causes of this situation, of anything like this
being even accepted? ABDI SOLTANI: You know, I think
that there’s maybe, like– I’m going to simplify
this a little bit, but maybe two
categories of people. There’s the category
of people who after Trump won, woke up
and were kind of shocked that this could happen. You know, like, how
is it even possible that a person who says
the things they do could win the election? And then there’s
a second category of people who’ve been actually
dealing with and facing pretty deep-seated
discrimination in the United States that has
had very deep roots and for whom this was
actually the manifestation of that exact existing
set of problems. I think whichever
way one looks at it, the current situation,
in terms of the policies of this administration,
are at a different level in terms of their
cruelty, in terms of how patently they are
designed to carry out a policy of exclusion. Going back to the
14th Amendment, of which I’m very fond– you know the 14th Amendment
is a chain of words that says all persons born
or naturalized in the United States and subject to the
jurisdiction thereof are citizens of the United States
and of the state wherein they reside. This sentence represents a
path from person to citizen. And I think that we have
to be very clear eyed, that the totality
of the policies of the current administration
is to stop every possible point in that path. So it includes the
mass deportation of undocumented immigrants
without due process. It includes reducing
dramatically the number of refugees that the
United States will permit to come to the country. A new policy that we have seen
through leaked news reports is this idea of public charge. Historically, the United
States would deny a path to citizenship for a person
who was institutionalized in the care of the government. The idea was that you
have to be somewhat self-sufficient to be able to
get through the immigration process. They now want to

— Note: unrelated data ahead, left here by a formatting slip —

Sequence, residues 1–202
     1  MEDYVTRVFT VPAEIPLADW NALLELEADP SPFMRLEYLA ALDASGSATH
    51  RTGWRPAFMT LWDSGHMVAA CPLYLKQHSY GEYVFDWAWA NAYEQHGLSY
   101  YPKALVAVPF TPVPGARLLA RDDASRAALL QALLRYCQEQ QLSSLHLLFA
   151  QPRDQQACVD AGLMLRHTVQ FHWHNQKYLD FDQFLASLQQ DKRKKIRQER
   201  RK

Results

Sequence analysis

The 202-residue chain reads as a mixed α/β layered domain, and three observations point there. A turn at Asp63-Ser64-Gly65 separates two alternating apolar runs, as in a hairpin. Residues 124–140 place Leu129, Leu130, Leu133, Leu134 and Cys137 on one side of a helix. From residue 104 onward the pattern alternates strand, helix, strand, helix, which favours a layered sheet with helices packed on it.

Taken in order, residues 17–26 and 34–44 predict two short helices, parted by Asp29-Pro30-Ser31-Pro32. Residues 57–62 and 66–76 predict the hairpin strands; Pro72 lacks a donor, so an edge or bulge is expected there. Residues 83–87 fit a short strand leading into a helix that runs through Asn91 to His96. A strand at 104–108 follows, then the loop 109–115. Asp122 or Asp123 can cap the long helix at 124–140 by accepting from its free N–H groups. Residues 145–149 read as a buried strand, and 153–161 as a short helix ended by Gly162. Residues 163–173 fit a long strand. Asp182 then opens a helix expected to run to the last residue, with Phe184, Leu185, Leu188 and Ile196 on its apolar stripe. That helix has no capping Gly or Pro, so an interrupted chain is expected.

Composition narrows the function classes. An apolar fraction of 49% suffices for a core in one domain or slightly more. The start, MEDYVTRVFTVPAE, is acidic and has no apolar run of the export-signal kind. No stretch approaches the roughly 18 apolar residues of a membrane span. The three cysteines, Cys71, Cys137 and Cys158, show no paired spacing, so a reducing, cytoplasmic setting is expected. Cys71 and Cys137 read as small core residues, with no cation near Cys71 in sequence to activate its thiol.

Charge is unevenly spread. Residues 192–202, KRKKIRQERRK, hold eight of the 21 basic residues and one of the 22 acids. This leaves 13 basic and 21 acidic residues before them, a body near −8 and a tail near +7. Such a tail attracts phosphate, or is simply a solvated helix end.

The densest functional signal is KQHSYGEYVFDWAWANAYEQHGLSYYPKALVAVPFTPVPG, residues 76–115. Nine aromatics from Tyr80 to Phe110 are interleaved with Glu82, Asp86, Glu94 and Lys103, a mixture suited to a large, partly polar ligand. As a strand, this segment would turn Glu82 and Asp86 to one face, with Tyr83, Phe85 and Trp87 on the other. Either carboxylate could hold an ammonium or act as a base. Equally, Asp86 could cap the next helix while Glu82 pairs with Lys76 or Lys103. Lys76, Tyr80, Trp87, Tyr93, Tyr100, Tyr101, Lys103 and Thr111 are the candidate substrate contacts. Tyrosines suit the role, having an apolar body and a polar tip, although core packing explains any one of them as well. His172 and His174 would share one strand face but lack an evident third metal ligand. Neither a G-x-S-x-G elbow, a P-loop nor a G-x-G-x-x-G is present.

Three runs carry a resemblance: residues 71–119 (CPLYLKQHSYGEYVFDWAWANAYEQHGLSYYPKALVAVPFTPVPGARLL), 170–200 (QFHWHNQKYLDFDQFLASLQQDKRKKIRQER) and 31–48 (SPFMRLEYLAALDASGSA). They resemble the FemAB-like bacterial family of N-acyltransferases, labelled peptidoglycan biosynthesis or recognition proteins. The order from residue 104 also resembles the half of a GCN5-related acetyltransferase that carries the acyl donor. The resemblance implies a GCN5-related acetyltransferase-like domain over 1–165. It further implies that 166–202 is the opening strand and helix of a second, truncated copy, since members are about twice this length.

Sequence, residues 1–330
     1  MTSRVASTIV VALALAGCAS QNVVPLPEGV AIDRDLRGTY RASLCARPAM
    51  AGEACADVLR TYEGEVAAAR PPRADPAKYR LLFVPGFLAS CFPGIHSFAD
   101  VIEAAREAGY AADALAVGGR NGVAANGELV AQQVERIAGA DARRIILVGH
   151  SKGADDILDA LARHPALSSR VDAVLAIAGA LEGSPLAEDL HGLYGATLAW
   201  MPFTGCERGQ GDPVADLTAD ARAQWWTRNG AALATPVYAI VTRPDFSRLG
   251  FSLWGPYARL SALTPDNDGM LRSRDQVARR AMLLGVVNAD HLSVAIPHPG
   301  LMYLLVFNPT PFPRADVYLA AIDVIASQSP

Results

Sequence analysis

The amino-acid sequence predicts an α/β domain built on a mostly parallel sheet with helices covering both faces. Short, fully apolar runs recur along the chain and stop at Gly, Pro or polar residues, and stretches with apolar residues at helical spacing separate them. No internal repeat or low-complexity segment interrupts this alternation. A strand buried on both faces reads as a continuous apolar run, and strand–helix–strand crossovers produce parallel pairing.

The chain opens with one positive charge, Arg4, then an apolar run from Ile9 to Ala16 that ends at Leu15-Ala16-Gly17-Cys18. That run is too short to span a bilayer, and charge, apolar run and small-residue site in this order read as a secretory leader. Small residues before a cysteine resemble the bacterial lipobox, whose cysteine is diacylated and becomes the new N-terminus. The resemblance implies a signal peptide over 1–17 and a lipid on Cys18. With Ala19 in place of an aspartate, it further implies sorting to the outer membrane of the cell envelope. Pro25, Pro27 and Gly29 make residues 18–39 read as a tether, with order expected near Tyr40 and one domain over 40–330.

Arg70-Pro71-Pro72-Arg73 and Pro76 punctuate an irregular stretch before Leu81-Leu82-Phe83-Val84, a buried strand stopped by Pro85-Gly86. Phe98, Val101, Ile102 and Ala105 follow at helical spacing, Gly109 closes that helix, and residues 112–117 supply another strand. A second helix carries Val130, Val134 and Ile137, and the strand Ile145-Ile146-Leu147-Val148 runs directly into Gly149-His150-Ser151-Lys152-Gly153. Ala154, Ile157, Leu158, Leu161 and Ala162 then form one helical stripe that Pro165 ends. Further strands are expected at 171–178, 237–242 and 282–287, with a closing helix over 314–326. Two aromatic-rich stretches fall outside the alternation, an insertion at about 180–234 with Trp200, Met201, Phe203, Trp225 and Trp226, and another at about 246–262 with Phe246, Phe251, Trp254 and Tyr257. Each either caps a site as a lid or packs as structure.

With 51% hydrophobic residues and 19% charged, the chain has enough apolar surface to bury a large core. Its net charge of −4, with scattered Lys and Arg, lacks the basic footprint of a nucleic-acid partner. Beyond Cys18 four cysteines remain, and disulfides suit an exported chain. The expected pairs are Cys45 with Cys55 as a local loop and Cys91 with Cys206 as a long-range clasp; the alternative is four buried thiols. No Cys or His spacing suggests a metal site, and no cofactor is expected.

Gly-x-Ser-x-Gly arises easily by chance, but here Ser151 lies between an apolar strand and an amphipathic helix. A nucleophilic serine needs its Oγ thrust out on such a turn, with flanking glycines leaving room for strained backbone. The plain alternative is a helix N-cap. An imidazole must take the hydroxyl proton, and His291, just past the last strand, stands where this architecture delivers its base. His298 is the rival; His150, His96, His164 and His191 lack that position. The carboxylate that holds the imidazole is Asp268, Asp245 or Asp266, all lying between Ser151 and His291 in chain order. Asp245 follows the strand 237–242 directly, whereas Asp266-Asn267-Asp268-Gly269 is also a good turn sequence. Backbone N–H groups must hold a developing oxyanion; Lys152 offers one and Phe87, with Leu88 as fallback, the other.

change that definition to include just
about anybody who has received any form of
services from the government. So that’s another
attempt to limit that path to legal immigration. So I think that that’s a major
cumulative set of policies that’s designed to keep the
United States demographically from changing and its intended
purpose is to keep people out– and very much from Latin
America, Central America, Africa, Asia, et cetera. The idea of family– chain migration, which
they are also focusing on, has been the main vehicle
through which Asian-Americans have immigrated to
the United States. There’s really nobody who
is immune to these policies of exclusion. At the same time,
there’s a set of policies that are aimed at
the rules of the game and the way in which power
itself is distributed. So the attack on the right to
vote with the concerted efforts at voter suppression, the
political gerrymandering of districts so that it reduces
the influence of each voter in their state or federal
government, the inclusion of the question about
citizenship in the census that has the intended
effect both of intimidating people
from taking the census, but also of creating the record
by which then the government can allocate differentially
certain benefits by population according to citizen,
instead of according to the number of persons. So this is all very serious. And I think that we
have to be involved in speaking up for basic
principles of equality, fairness, and freedom. So the 14th Amendment, you know,
how it itself plays into it is very much at the center
of a lot of these debates. The equal protection
of the law– well, who does that apply to? Those words, equal
protection of the law, did not make it into
the Constitution until the 14th Amendment. Those are the words
based on which we’ve made a lot of the gains
for lesbian and gay couples to have equal access to
marriage or to other government benefits. So our view is that that
principle of equal protection needs to be robust
and inclusive, and it needs to be a force
to combat discrimination. Other people can view equal
protection very narrowly and try to limit
its application. And so that’s going
to be something that gets fought in the Supreme
Court in the coming decades. SPEAKER 1: So I
want to move to some of the topics that are more
related to practical aspects of ACLU’s work. So we’ve heard about People
Power, the grassroots efforts that ACLU is instantiating
around the country. Can you tell us a little
bit about People Power, and what are the ambitions, what
are the goals and objectives– where we are, and
how we can help. ABDI SOLTANI: So I spoke before
about the 14th Amendment. But I also want people to know
I’m a big fan of the First Amendment. And you can think about